Figure 5. Schematic explanation of the theoretical algorithm for X-ray mirage formation. (a) XRL radiation from the generator (seeded beam) propagated in empty space with complex amplitude $A_{inc}(x,y,z)$; (b) after propagation of the seeded beam through plasma of the amplifier, the complex amplitude of the distorted radiation $A(x,y,z)$ consists of two terms: the complex amplitude $A_{inc}(x,y,z)$ and the complex amplitude of the mirage $A_{M}(x,y,z)$; (c) formation of imaginary source $A_{M^{im}}(x,y,z)$ by running the complex amplitude $A_{M}(x,y,z)$ backward in empty space.

Suppose that a wide divergent X-ray beam is incident on a small piece of plasma medium. Several factors will influence the formation of a mirage. First of all, the spatial distribution of the refractive index, but also the gain of the medium, will play a significant role in the process. Besides, since in typical XRL the gain coefficient is very high, it is considered to be the effects of saturation in signal amplification. Under these assumptions, the optical properties of the plasma will be similar to the optical properties of some effective inhomogeneous lens, where the thickness of the lens imitates the refractive index of the plasma. This means that the lower the refractive index, the thicker the lens. In the case when a seeded beam passes through such an optical system, it will consist of a set of outgoing waves generated by either a point or an extended imaginary source located along the axis of symmetry. If the plasma has a gain, the central part of the beam will be predominantly amplified. Since the electron density $n_{\mathrm{e}} (x; y)$ surface is approximated by a paraboloid, the central part of the plasma works as an ideal aberration-free lens. From such a consideration it follows that the higher the gain, the narrower the axial region of the plasma which contributes to the beam amplification. This leads to the conclusion that an emerged virtual source will be closer to a point one and, evidently, will be phased with the incident radiation. The numerical simulations showed that, for the typical parameters of XRL plasma media, a coherent mirage in the form of an imaginary point source arises. It is found that the position of this point source in space is in accordance with our obtained experimental data.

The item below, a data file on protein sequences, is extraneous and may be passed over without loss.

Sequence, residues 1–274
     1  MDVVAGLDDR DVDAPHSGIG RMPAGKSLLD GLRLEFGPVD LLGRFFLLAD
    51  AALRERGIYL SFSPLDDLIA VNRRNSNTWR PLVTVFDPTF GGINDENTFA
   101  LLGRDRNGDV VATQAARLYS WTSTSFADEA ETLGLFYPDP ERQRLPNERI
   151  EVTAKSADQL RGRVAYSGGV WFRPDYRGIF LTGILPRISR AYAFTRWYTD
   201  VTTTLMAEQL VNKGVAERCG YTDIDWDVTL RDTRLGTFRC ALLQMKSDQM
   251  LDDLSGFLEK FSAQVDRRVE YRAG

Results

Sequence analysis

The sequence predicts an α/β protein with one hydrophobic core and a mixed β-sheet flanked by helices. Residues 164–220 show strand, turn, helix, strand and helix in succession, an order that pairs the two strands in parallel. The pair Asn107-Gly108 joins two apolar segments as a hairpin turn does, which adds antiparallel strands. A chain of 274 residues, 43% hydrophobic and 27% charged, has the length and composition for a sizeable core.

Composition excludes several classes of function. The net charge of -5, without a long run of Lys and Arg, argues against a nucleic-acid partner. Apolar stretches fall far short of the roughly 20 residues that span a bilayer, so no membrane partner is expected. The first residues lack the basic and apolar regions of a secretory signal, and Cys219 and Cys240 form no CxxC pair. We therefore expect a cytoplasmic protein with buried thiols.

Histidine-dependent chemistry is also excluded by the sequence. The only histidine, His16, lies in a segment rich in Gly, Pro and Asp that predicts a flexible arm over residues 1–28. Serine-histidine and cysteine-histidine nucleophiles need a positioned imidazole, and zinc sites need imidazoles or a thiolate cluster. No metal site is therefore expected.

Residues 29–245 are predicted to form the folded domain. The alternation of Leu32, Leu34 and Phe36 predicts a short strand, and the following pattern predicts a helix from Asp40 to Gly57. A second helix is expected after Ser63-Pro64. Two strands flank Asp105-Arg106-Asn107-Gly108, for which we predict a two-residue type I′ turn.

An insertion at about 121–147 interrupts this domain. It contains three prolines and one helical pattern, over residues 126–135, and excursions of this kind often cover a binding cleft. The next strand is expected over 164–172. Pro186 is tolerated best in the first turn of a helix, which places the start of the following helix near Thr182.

The development of the theory and carrying out of the modelling allowed us to formulate the necessary and sufficient conditions for formation of an X-ray mirage in plasma media: (1) there should be a local maximum in the $N_{\mathrm{e}}(x;y)$ distribution, (2) the spatial location of small-signal of gain distribution $G(x,y)$ in the plane $x,y$, which is perpendicular to the XRL beam propagation should coincide with the position of the local maximum of $N_{\mathrm{e}}(x; y)$, the (3) spatial size of the gain region should be equal to or less than the width of the $N_{\mathrm{e}}(x;y)$ local maximum, and (4) the uniformity of the plasma along the direction of beam propagation should be sufficiently high.

It is clear that these four conditions are difficult to reach in experiments. On the other hand, each of these conditions in itself is not unique to a plasma induced by short laser pulses on the surface of solid targets and correspondent to the conditions, which is usually necessary for optimal transient–collisional XRL generation. This means that X-ray radiation amplification in mirage formation is the key issue. If there is no gain, the whole area of plasma filled with radiation would participate in the process of beam formation. As a result, output radiation with non-uniform intensity and with a sufficiently inhomogeneous phase front would be formed. But this is not a mirage. As not in every inhomogeneous atmosphere does an optical illusion occur, similarly not in every inhomogeneous plasma does an X-ray mirage occur.

4. Conclusions

The experimental observation of an X-ray coherent mirage in a two-stage XRL system, and a theoretical approach, which explained a mechanism of that phenomenon, are discussed. It is shown that, in XRL plasma media, both refraction and diffraction accompany the process of amplification and play significant roles in the emergence of the virtual source of the mirage. There are various possibilities of how the X-ray mirage phenomenon could be useful for further improvement of XRL systems and in developing new advanced methods of plasma media diagnostics. The discovery of X-ray mirages could be applied to further develop modern X-ray technology, for example, for generation of adaptively controlled phased X-ray beams and plasma X-ray optics.

Acknowledgement

This work was partly supported by RFBR-JSPS collaboration program (RFBR Grant 14-02-92107).